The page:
Vladimir Putin (aka Vlad the Chess Player) has played a good game in Ukraine − so far. With the West playing on the other side he started off in an intrinsically weak position, which worsened considerably when the sudden neocon-engineered coup in Kiev swept his main piece off the board. However, he reacted and regrouped quickly, and prevented his opponents from achieving a surprise victory. By massing troops on Ukraine's border he made the other side pause, and this gave his supporters time to mobilise. In this confused situation he saw a valuable piece temporarily unguarded, and in a smooth and swift operation took over Crimea. The contest over Ukraine continues, but he has already won two significant prizes: Crimea and clarity − clarity on where Russia stands vis-a-vis the West
He is now manoeuvring to achieve his goal in Ukraine, and has again displayed his skill by adjusting his tactics as the situation has changed. Western propaganda has sought to depict his aim to be to seize Ukraine or, at least, annex the Russian-speaking East of the country. This is quite wrong. For the simple reason that Ukraine is a basket case economically and financially, and if he took over the country (or even a portion of it) Russia would be saddled with the burden of keeping it afloat, as well as having to deal with the many in the population who don't fancy being annexed, plus the likely backlash from the West.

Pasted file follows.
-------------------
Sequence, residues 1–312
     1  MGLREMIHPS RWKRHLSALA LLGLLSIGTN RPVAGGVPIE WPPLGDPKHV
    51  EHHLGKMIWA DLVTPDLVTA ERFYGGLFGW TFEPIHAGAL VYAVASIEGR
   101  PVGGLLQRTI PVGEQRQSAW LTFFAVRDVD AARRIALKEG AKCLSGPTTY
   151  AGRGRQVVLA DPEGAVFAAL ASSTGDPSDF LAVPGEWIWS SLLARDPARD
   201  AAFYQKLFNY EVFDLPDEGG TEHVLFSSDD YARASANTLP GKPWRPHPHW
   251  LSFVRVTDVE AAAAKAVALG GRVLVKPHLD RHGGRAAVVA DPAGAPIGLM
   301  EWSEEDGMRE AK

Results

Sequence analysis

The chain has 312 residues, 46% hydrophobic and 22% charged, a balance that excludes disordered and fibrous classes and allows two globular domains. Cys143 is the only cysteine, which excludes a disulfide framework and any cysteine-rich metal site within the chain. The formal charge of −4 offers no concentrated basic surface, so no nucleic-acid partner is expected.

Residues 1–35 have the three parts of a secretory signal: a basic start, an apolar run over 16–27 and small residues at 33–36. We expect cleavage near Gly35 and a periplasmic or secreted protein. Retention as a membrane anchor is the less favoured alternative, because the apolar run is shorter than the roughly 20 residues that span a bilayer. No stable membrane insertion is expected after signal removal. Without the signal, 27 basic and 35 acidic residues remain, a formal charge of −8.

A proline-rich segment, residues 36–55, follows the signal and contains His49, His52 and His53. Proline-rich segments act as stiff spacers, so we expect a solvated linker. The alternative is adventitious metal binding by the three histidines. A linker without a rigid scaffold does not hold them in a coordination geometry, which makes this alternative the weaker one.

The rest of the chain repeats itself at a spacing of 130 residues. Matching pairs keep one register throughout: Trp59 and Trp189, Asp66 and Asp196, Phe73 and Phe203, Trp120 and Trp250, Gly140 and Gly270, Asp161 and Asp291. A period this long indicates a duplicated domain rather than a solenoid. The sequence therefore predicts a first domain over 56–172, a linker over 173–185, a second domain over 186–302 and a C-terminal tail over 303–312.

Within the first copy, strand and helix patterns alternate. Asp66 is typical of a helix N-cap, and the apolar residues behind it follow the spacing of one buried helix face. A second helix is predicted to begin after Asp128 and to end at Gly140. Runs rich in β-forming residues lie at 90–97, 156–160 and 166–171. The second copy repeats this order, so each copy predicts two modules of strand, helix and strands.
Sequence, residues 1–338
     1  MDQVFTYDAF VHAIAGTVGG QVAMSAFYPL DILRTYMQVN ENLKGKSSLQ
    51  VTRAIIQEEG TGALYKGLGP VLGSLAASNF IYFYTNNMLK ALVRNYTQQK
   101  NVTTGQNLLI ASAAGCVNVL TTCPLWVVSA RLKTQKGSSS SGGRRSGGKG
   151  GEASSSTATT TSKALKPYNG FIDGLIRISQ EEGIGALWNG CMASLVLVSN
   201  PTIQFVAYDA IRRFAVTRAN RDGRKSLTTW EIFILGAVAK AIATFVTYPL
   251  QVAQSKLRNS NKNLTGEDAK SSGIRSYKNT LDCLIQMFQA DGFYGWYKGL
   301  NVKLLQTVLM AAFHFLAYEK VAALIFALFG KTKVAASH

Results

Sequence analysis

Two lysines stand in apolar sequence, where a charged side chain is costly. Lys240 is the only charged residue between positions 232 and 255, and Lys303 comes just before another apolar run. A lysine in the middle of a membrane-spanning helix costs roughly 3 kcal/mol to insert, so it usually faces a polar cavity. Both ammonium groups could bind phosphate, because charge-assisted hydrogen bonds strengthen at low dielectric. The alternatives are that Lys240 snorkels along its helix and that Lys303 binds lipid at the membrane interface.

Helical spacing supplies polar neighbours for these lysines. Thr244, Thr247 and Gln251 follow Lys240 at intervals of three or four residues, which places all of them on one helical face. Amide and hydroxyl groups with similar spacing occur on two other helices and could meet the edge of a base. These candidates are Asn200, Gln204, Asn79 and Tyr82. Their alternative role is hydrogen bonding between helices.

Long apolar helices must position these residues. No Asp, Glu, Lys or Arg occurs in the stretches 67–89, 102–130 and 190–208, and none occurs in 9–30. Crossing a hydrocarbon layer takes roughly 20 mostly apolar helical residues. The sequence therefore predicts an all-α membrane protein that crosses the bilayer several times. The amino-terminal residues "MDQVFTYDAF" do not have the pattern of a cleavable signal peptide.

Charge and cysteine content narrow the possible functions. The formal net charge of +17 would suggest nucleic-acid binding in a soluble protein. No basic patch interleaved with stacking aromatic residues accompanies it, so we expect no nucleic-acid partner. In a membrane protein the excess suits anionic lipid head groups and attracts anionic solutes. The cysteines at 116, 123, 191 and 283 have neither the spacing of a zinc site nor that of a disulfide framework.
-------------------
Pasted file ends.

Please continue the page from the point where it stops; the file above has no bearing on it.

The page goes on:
His main goal has always been to stop the neocon-led War Party's move to bring Ukraine into the West's political camp and, ultimately, NATO. He wants Ukraine to remain a politically and militarily neutral buffer state between Russia and NATO, while letting the West pay for the privilege of establishing other ties with it (by supporting it financially).